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Lonesome George, other Galápagos tortoises, new research

Originally posted on Dear Kitty. Some blog:
https://youtu.be/gvgZMiqfZ-I This 27 February 2018 video says about itself: Galápagos Tortoise Movement Ecology Programme The film captures the hidden mystery of the lives of giant tortoises, among the longest lived vertebrates on earth. It illustrates the diverse ecological roles played by Galápagos tortoises and how the environment has shaped complex yet predictable patterns on movement, morphology and ecological relationships among tortoises across the Galápagos Archipelago. It demonstrates how a team of conservation biologists developed and implemented a research programme that revealed the hitherto unknown secret lives of Galápagos tortoises – one of the earth’s most iconic wildlife species. It documents the movement ecology of tortoises, their feeding ecology, their role as ecosystem engineers, and their pivotal role in ecosystems. Touching on their conservation history from the time humans discovered the islands, and how humans will determine the fate of tortoises and their habitats. It demonstrates how scientific research can inform conservation management, and highlight the importance of pure and applied research toward understanding and conserving the tortoises and the ecosystems they shape. From Yale University in the USA: In death, Lonesome George reveals why giant tortoises live so long December 3, 2018 Lonesome George’s species may have died with him in 2012, but he and other giant tortoises of the Galápagos are still providing genetic clues to individual longevity through a new study by researchers at Yale University, the University of Oviedo in…

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HUMAN POPULATION GROWTH AND CLIMATE CHANGE

Originally posted on Exposing the Big Game:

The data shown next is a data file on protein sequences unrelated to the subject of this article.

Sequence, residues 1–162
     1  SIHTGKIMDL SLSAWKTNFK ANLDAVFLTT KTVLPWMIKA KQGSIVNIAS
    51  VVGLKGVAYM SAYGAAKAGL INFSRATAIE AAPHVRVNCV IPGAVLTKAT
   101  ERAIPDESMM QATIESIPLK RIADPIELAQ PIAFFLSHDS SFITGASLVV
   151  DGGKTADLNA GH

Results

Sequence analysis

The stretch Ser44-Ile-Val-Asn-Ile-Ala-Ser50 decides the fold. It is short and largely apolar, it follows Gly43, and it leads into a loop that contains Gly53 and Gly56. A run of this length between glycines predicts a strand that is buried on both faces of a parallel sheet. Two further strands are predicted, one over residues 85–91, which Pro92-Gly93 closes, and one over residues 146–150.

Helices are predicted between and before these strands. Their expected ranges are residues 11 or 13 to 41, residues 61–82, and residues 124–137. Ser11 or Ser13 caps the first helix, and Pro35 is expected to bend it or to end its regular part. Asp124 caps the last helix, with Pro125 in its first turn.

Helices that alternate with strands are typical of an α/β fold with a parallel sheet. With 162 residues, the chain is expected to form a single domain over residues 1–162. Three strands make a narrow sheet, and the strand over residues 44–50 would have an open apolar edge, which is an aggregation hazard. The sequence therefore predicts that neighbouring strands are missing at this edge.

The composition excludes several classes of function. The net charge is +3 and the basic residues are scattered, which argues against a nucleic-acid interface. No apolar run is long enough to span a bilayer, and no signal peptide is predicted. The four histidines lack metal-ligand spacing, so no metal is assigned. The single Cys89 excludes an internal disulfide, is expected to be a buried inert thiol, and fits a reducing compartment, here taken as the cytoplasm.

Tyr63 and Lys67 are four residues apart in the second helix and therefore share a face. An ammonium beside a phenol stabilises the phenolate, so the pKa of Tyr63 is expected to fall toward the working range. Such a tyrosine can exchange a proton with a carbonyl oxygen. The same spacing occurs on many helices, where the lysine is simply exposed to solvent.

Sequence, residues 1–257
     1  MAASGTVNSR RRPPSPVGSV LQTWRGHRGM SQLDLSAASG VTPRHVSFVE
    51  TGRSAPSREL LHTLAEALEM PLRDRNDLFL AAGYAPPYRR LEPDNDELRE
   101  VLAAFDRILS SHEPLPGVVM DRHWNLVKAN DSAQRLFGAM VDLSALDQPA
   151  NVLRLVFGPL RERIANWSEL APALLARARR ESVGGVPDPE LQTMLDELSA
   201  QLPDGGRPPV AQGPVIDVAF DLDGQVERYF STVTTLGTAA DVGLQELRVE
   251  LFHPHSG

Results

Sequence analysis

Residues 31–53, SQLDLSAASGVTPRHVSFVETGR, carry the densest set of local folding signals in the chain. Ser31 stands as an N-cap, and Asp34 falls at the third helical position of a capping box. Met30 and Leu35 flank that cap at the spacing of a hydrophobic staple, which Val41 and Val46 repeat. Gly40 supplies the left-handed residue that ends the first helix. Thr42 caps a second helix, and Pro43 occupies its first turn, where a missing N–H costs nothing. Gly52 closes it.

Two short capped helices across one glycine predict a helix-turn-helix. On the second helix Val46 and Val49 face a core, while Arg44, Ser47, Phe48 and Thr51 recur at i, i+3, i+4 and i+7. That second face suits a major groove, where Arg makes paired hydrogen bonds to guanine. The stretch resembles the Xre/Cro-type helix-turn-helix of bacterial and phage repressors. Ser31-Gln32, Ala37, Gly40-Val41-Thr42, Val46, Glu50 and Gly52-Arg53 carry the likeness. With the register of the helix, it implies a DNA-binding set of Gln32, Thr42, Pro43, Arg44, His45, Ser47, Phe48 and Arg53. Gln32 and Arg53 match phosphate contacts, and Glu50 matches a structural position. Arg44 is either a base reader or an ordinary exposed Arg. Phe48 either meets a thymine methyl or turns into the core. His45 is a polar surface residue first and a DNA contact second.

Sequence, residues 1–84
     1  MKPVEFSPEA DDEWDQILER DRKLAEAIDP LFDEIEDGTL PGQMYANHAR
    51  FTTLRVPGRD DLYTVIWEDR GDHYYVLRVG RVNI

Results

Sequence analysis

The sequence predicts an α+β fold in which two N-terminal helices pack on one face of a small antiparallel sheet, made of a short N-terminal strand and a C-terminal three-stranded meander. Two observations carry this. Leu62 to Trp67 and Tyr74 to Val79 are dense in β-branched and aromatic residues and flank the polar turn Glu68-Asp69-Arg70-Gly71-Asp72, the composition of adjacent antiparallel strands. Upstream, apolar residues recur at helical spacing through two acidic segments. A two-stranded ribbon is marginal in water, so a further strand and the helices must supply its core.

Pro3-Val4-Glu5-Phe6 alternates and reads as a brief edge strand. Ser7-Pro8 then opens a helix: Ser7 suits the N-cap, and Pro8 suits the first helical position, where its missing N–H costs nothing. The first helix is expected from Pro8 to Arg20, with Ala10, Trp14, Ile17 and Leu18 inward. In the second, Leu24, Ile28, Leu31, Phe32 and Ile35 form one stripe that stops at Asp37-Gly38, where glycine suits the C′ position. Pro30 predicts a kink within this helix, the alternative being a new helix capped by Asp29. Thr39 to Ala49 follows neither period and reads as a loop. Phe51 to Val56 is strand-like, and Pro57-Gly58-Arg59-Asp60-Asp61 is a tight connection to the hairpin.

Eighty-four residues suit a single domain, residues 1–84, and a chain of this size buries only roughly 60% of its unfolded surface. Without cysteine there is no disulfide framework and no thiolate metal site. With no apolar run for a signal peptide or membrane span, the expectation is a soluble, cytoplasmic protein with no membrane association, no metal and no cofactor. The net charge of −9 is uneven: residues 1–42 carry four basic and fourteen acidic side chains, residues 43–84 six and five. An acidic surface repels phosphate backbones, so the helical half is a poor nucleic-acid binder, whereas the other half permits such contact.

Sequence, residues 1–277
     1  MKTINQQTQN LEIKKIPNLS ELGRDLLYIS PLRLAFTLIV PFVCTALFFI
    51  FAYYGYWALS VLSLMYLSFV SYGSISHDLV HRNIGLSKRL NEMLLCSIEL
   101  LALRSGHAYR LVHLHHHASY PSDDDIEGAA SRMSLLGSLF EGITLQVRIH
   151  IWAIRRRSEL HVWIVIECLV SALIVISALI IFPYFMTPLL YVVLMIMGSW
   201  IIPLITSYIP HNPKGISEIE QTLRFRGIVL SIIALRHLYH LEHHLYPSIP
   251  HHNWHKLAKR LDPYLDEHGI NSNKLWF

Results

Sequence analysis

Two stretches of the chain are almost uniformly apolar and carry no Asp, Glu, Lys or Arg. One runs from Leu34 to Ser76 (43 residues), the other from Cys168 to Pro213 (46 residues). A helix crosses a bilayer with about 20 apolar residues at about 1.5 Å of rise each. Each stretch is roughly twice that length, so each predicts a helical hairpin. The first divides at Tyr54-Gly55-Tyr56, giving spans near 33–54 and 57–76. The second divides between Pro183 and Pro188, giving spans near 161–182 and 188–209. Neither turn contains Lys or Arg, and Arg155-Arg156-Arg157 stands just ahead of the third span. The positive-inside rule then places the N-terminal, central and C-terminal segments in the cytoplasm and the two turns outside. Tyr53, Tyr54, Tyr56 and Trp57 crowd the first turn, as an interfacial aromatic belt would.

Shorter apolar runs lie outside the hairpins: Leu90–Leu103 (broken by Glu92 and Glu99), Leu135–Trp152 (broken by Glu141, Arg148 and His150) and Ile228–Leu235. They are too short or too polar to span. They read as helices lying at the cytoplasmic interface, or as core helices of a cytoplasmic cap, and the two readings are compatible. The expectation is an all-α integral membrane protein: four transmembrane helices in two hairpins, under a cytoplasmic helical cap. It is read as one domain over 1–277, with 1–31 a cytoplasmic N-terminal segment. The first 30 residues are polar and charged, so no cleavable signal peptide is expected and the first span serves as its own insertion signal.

https://www.biologicaldiversity.org/programs/population_and_sustainability/climate/?fbclid=IwAR0IVSbh5phNB7dFjcypdp-dA8Y7D_KtQWYFYyrZRZu5xpsWwhCb4Vattec The largest single threat to the ecology and biodiversity of the planet in the decades to come will be global climate disruption due to the buildup of human-generated greenhouse gases in the atmosphere. People around the world are beginning to address the problem by reducing their carbon footprint through less consumption and better technology. But unsustainable human population growth can overwhelm those efforts, leading us to conclude that we not only need smaller footprints, but fewer feet. Portland, Oregon, for example, decreased its combined per-capita residential energy and car driving carbon footprint by 5 percent between 2000 and 2005. During this same period, however, its population grew by 8 percent. A 2009 study of the relationship between population growth and global warming determined that the “carbon legacy” of just one child can produce 20 times more greenhouse gas than a person will save by driving a high-mileage car, recycling, using energy-efficient appliances and light bulbs, etc. Each child born in the United States will add about 9,441 metric tons of carbon dioxide to the carbon legacy of an average parent. The study concludes, “Clearly, the potential savings from reduced reproduction are huge compared to the savings that can be achieved by changes in lifestyle.” One of the study’s authors, Paul Murtaugh, warned that: “In discussions about climate change, we tend to focus on the carbon emissions of an individual over his or her lifetime. Those are…

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